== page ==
Publications, opinions, and speeches


The “Royal We”

Published on 01/08/2013

Canada’s Premiers had a jam-packed agenda at their recent meeting in Niagara-on-the-Lake.  Despite the wide-ranging agenda, a clear message emerged.  The Premiers would like to have a national partner with whom they can engage in conversation regarding their myriad challenges.  Ottawa argues that it is better to let both orders of government – federal and provincial – take care of their respective areas of business.  But while the provincial plate is overflowing, the federal cupboard seems bare.

Ottawa used to take a far more active interest in collaboration to improve the quality of life in the country.  Stellar examples of cooperative federalism include the shared design and delivery of the National Child Benefit in 1998, joint work on the vision paper In Unison: A Canadian Approach to Disability Issues and the signing of ground-breaking agreements on early childhood development and child care in 2000 and 2003.  One might say there was a prevailing sense at the time of the “royal we.”  This notion had nothing to do with pledging allegiance to the Queen – or even to a new royal baby.  Rather, it had everything to do with a sense of national commitment and the need for all governments to talk together and, better still, work collaboratively to enhance the well-being of Canadians.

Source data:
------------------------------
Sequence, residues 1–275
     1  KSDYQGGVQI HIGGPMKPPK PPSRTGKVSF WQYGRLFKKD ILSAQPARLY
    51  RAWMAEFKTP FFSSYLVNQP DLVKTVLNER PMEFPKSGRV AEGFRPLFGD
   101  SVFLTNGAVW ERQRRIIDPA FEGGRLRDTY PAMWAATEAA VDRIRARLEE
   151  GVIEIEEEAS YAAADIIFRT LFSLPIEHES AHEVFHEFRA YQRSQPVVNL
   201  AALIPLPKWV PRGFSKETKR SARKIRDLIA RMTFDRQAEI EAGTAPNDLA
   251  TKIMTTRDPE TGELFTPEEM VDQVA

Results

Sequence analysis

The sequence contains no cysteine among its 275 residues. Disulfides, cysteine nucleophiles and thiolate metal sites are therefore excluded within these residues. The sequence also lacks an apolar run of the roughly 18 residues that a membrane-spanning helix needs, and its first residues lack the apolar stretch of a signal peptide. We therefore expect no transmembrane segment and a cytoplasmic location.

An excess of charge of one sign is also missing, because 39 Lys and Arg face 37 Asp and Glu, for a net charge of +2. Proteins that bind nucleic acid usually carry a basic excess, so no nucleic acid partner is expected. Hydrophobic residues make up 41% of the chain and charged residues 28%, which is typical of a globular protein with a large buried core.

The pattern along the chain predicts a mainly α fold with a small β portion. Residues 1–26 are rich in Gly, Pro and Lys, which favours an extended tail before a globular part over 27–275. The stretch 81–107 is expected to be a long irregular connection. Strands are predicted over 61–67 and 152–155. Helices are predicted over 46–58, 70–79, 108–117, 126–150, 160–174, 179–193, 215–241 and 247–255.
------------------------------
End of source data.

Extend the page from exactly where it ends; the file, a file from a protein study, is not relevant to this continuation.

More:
ISBN – 1-55382-583-7


Cities and communities, Civic engagement


Canada’s Premiers had a jam-packed agenda at their recent meeting in Niagara-on-the-Lake.